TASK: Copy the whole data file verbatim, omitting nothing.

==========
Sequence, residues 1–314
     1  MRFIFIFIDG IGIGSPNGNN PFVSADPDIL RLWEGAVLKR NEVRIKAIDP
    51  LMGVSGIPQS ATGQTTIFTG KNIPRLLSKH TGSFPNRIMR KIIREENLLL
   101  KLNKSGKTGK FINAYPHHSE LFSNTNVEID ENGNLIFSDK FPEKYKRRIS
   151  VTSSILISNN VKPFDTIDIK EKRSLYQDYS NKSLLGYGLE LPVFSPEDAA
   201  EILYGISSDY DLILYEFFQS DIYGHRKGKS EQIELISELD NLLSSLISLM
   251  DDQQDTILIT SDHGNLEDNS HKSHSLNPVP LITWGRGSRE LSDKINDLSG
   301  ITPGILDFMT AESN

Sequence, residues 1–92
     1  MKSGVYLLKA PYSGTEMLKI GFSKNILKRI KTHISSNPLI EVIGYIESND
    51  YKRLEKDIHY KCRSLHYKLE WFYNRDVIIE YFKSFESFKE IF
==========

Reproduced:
Sequence, residues 1–314
     1  MRFIFIFIDG IGIGSPNGNN PFVSADPDIL RLWEGAVLKR NEVRIKAIDP
    51  LMGVSGIPQS ATGQTTIFTG KNIPRLLSKH TGSFPNRIMR KIIREENLLL
   101  KLNKSGKTGK FINAYPHHSE LFSNTNVEID ENGNLIFSDK FPEKYKRRIS
   151  VTSSILISNN VKPFDTIDIK EKRSLYQDYS NKSLLGYGLE LPVFSPEDAA
   201  EILYGISSDY DLILYEFFQS DIYGHRKGKS EQIELISELD NLLSSLISLM
   251  DDQQDTILIT SDHGNLEDNS HKSHSLNPVP LITWGRGSRE LSDKINDLSG
   301  ITPGILDFMT AESN

Sequence, residues 1–92
     1  MKSGVYLLKA PYSGTEMLKI GFSKNILKRI KTHISSNPLI EVIGYIESND
    51  YKRLEKDIHY KCRSLHYKLE WFYNRDVIIE YFKSFESFKE IF